Family says veteran committed suicide while waiting for treatment from VA

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JOHNSTON, Iowa (WHO) -- After two tours in Iraq, serving in the military as a combat engineer, 32-year-old Des Moines Lincoln High School graduate Curtis Gearhart quickly found friends.

"The funniest person I've ever known in my life. He was so kind and ready to be there for you no matter what, "said close friend Brie Lyndsey.

He also found love.

"I will never forget the way his girls ran up to him screaming daddy. It was one of the best moments I ever saw of him," said girlfriend Valesca Steffens. But because of fellow soldiers losing their lives in Iraq, he also found pain from PTSD, "guilt a lot of guilt and heartache."

In April, an unusual Facebook post read, "High high's, and low low's. I wish my life had a middle ground." It led his girlfriend to worry. "It wasn't easy but I felt like I talked him down from a ledge. I still had him, he was still here."

Then nearly two months ago Curtis went to the V.A. because of recurring headaches. Valesca said, "He previously had a tumor. He was worried about it and they told him it would be five to six weeks."

Photos of Curtis and his family:

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Curtis Gearhart, 32, committed suicide waiting for treatment
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Curtis Gearhart, 32, committed suicide waiting for treatment
After two tours in Iraq, serving in the military as a combat engineer, 32-year-old Des Moines Lincoln High School graduate Curtis Gearhart quickly found friends.
"The funniest person I've ever known in my life. He was so kind and ready to be there for you no matter what, "said close friend Brie Lyndsey.
"I will never forget the way his girls ran up to him screaming daddy. It was one of the best moments I ever saw of him," said girlfriend Valesca Steffens. But because of fellow soldiers losing their lives in Iraq, he also found pain from PTSD, "guilt a lot of guilt and heartache."
In April, an unusual Facebook post read, "High high's, and low low's. I wish my life had a middle ground." It led his girlfriend to worry. "It wasn't easy but I felt like I talked him down from a ledge. I still had him, he was still here."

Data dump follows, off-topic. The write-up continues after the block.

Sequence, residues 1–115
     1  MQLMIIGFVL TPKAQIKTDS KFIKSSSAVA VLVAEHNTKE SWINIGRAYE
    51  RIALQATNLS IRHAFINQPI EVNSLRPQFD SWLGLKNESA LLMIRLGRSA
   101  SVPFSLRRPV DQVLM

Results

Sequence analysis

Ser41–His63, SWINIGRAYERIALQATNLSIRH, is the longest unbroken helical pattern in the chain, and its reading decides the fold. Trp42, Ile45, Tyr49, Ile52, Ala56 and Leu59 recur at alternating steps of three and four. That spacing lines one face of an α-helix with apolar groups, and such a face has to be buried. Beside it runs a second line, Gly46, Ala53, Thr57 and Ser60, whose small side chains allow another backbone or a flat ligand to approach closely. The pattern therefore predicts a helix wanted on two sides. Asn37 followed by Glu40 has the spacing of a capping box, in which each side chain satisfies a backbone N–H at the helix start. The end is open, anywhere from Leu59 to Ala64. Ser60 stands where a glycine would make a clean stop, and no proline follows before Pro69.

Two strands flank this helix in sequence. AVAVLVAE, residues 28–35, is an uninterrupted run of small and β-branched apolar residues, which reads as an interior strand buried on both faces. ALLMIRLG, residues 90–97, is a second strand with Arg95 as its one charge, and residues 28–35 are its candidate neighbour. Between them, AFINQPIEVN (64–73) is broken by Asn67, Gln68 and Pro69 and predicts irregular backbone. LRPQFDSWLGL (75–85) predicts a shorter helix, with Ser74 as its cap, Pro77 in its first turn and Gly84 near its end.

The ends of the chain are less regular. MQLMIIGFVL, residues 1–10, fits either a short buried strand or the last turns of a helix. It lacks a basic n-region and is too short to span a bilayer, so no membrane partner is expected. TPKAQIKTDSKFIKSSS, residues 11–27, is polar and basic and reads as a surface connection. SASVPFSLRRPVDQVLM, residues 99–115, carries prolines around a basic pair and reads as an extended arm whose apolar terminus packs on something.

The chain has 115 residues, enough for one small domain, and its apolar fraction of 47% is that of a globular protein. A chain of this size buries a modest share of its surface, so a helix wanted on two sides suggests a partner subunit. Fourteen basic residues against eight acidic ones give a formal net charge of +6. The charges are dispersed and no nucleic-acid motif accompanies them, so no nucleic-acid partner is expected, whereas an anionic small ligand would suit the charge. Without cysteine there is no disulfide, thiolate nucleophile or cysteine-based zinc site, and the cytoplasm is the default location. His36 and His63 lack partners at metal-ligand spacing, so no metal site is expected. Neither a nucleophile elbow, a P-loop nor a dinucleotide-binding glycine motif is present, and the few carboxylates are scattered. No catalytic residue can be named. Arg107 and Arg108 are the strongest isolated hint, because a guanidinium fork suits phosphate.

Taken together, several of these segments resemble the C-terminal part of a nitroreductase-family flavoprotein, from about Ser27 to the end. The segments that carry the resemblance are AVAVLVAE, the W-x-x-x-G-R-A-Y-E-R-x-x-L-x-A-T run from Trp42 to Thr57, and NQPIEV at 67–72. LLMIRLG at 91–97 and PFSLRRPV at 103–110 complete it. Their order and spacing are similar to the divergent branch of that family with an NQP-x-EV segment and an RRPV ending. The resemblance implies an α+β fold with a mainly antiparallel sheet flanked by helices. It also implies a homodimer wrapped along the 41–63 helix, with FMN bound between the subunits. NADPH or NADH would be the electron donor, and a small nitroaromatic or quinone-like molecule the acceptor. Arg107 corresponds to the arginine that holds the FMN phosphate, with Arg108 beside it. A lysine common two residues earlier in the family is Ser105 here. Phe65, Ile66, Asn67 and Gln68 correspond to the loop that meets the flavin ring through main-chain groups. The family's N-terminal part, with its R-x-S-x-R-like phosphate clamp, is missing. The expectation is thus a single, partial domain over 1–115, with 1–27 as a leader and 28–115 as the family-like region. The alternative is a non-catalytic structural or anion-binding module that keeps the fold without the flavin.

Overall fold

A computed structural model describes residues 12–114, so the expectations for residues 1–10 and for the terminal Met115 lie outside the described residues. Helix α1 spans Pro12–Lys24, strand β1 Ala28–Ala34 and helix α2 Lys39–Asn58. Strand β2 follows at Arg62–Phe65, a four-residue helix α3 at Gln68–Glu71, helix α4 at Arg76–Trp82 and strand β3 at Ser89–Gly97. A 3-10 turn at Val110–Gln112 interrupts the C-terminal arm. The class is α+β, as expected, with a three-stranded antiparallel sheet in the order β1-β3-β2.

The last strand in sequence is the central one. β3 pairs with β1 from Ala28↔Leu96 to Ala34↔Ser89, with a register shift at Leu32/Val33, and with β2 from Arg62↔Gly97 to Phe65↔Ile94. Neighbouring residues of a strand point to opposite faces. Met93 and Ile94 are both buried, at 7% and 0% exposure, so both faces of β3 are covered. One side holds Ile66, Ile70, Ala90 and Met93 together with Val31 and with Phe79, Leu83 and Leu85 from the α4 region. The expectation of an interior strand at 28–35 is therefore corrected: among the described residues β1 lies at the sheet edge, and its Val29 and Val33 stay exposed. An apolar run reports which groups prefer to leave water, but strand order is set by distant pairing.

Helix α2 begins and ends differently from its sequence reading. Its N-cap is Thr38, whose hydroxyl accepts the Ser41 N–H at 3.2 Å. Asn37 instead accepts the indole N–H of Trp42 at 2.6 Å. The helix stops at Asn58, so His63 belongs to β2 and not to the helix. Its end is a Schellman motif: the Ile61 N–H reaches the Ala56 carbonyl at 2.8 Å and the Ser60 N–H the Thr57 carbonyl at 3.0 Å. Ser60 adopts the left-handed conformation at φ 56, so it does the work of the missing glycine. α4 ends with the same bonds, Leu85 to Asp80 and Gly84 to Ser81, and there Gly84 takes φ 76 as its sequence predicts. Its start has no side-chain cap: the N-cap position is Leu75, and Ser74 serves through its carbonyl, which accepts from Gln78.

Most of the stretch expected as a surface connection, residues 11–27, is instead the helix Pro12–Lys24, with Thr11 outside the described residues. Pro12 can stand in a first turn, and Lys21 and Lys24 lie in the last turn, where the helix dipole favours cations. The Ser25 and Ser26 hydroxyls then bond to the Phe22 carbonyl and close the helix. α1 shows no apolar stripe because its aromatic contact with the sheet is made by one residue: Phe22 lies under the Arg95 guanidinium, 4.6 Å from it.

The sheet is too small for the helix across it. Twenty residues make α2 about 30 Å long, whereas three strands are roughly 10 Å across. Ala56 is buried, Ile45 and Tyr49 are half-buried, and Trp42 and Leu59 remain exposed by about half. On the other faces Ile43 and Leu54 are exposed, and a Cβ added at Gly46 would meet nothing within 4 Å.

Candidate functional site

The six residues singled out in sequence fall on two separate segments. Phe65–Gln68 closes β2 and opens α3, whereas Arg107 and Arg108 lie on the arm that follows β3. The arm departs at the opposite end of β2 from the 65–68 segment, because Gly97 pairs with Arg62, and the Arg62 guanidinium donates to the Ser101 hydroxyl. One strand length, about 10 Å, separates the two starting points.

Then nearly two months ago Curtis went to the V.A. because of recurring headaches. Valesca said, "He previously had a tumor. He was worried about it and they told him it would be five to six weeks."
He couldn't wait any longer and took his own life Monday, November 7th in Johnston.
"They send these soldiers over so young to fight these wars and then they don't live up to their promises of taking care of them when they come home," said Valesca.

She believes without being told to wait, Curtis would be alive. "Absolutely. He wanted help. He wouldn't have gone if he didn't."

Less than 24 hours before friends and family buried a military hero on Thursday, Valesca learned more vital information. "I ran upstairs and found out I was pregnant yesterday."

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He couldn't wait any longer and took his own life Monday, November 7th in Johnston.

"They send these soldiers over so young to fight these wars and then they don't live up to their promises of taking care of them when they come home," said Valesca.

Valesca says Curtis was worried help from an outside provider would have been too costly for him to pay but she urges others that waiting on the V.A. just isn't worth it. "I would be in debt for the rest of my life just to have him."

She believes without being told to wait, Curtis would be alive. "Absolutely. He wanted help. He wouldn't have gone if he didn't."

Less than 24 hours before friends and family buried a military hero on Thursday, Valesca learned more vital information. "I ran upstairs and found out I was pregnant yesterday."

She says the news is bittersweet but will allow his memory to remain. "I hope someday I'm gonna be able to look into his eyes again and that's a lot to look forward to."

After hearing about Curtis Gearhart's death from WHO-TV, Senator Joni Ernst responded saying:

The loss of Curtis Gearhart is truly tragic and my prayers are with Curtis, his family and friends at this time. We absolutely must ensure our men and women who have selflessly sacrificed in defense of our freedoms receive the quality, timely care they deserve. I am looking into what happened between the VA and Curtis, and what steps can be taken to prevent such tragedies in the future.

A fundraising account has also been set up for Curtis' children.

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